Netflix

As in previous years, I’m binge-reviewing the latest season of Netflix’s House of Cards, the TV show that helped popularize the idea of “binge watching” when it premiered in 2013. Don’t read farther than you’ve watched. (The whole series will appear here.)

Episode 9 (Chapter 61)

The yada, yada, yada continues. Frank and Claire won the Ohio revote and therefore the presidency—and all we need to know about it is what CNN’s commentators can briefly summarize. Van Jones definitely wasn’t bringing the fire the way he does when confronting Jeffrey Lord, but bless Gloria Borger: She sold the demise of Will Conway with the same sing-songy indignation she uses to talk Trump. “I think we need to take a moment to appreciate the Constitution,” she said in the opening segment. “It bent—but it never broke.”

Cards now would seem to enter a new phase for this season: the Underwood presidency. In flashes, like when Medicare got a mention and Frank gave a vague sense of policy goals for his first hundred days, it seemed like the plot might turn to actual governance. But it appears the drip-drip of hidden scandal, the tedium of political horse-trading, and the airless line delivery of the Underwoods’ boytoys—now including the strangely smiley Eric Rawlings—will continue to drive the action, if it can be called that.

The underlying assumption is that Frank and Claire have secured the White House through cunning and guile, but really—as previously mentioned—luck and coincidence played a huge role. Now, we’re seeing how dull Frank’s political instincts can be. Against Mark Usher’s advise, he offends Congressman Alex Romero, going so far as to advocate exactly the opposite of a Medicare expansion in his inaugural address with Romero sitting behind him. Then he’s dumbfounded when Romero, in retribution, starts the investigation of the presidency up again. The Underwoods had to know that the election wouldn’t banish the threat of impeachment or imprisonment from the revelations in Tom Hammerschmidt’s article. A bit more deference toward congressional firebrands would be wise.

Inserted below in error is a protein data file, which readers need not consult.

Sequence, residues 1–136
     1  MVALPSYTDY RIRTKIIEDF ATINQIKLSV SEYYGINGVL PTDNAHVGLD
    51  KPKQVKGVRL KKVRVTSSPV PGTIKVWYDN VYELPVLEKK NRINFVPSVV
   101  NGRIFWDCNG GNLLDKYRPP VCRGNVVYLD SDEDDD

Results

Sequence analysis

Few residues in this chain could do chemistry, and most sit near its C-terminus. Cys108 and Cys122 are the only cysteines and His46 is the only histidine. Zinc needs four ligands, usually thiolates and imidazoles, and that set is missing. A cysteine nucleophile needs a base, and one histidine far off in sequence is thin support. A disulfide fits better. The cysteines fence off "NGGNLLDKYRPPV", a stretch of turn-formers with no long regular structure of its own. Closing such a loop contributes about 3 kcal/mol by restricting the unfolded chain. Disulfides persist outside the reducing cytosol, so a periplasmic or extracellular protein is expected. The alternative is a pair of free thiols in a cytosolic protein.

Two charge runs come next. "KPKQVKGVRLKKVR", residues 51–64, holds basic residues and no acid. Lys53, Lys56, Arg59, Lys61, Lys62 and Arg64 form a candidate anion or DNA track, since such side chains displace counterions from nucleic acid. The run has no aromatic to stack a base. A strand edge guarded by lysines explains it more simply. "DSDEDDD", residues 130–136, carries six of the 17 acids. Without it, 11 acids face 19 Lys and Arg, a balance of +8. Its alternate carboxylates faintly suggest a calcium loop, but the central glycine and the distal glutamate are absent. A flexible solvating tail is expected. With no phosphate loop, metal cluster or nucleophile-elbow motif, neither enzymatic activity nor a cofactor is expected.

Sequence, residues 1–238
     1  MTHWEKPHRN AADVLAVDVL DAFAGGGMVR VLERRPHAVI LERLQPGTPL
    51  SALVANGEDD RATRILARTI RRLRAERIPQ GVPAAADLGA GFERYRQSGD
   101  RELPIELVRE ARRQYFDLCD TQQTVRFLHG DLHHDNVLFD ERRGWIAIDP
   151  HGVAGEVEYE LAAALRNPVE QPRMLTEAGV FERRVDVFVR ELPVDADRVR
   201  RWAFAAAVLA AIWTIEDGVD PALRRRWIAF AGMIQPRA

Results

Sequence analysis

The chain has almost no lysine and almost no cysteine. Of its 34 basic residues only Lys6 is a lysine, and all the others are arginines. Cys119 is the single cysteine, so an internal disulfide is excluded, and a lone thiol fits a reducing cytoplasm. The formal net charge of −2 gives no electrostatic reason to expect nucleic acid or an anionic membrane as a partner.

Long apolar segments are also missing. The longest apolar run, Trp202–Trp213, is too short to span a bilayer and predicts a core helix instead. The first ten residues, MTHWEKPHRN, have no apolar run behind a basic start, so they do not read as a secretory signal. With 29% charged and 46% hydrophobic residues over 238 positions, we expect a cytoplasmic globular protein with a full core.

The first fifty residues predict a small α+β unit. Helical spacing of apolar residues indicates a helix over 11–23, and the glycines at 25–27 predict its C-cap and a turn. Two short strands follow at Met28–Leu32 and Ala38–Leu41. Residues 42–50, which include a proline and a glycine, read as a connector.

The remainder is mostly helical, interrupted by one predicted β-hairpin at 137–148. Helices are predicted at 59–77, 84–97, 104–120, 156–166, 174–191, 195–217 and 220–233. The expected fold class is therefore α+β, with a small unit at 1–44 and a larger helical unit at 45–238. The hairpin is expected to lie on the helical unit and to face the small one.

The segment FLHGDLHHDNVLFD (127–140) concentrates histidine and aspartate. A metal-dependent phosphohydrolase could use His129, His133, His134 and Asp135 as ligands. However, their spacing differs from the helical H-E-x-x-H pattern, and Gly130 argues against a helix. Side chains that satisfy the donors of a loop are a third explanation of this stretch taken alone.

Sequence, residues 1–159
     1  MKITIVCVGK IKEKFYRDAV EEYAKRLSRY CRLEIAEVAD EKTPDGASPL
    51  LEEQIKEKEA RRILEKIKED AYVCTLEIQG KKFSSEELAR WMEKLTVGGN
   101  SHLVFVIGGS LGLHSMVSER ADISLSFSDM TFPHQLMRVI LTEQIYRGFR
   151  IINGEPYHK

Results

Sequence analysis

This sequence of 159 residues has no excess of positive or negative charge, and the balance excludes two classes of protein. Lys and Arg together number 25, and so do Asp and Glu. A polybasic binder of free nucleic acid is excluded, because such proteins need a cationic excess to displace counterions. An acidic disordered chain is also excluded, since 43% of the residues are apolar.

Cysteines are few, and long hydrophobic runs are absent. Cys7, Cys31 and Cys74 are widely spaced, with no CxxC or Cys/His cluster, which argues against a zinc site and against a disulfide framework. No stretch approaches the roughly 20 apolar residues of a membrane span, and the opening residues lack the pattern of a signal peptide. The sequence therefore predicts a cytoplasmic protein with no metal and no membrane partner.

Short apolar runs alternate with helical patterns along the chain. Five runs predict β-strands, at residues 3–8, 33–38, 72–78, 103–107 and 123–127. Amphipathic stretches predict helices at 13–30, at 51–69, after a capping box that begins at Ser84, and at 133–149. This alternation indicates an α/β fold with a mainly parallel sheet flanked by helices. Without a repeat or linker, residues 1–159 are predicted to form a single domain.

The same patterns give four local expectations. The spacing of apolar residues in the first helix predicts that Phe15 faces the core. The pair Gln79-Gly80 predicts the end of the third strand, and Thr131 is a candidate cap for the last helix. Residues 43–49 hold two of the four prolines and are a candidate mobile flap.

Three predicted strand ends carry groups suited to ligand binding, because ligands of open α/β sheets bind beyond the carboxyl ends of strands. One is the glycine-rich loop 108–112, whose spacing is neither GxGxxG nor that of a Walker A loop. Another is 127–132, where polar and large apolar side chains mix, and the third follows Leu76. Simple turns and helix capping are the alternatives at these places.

Just as others can’t trust the Underwoods, they are beginning to question their trust of those around them. Claire has her eye on Doug, complimenting his handsome inaugural get-up and then springing on him the question of where he was during the ICO beheading last season (the answer: sitting with Lauren Moretti in her car, having a tender moment). And Frank has his eye on striped-socks-wearing Yates, whom he knows to have played tomcat with other White House staffers. “Tom, don’t cheat on my wife,” Frank snaps—a great line.

Other former allies are being slowly ground by the wheels of the train that the Underwoods have thrown them under. In a typically head-scratching turn, Aiden has been picked up by American agents—and whether Kim Dickey led them there, and whether that was LeAnn’s intention in talking to Dickey, and whether the Russians allowed him to be extracted, isn’t completely clear. But in any case it seems the White House is still considering the idea of letting LeAnn take the fall even after everything she’s done for them.

Tensions are once again simmering between the Underwoods too, as made clear in the episode-closing glance they give each other. Jane Davis seems to want to drive a wedge between the presidential spouses by bringing Claire in on her agenda, whatever that may be. Claire calls her overture “presumptuous,” and then she scolds Jane: “My husband is not managed by anybody.” She is, as it goes, correct in that, but we all know that there have been times when Claire has wished it otherwise.

Previously: Season 5, Episode 8

Next Up: Season 5, Episode 10

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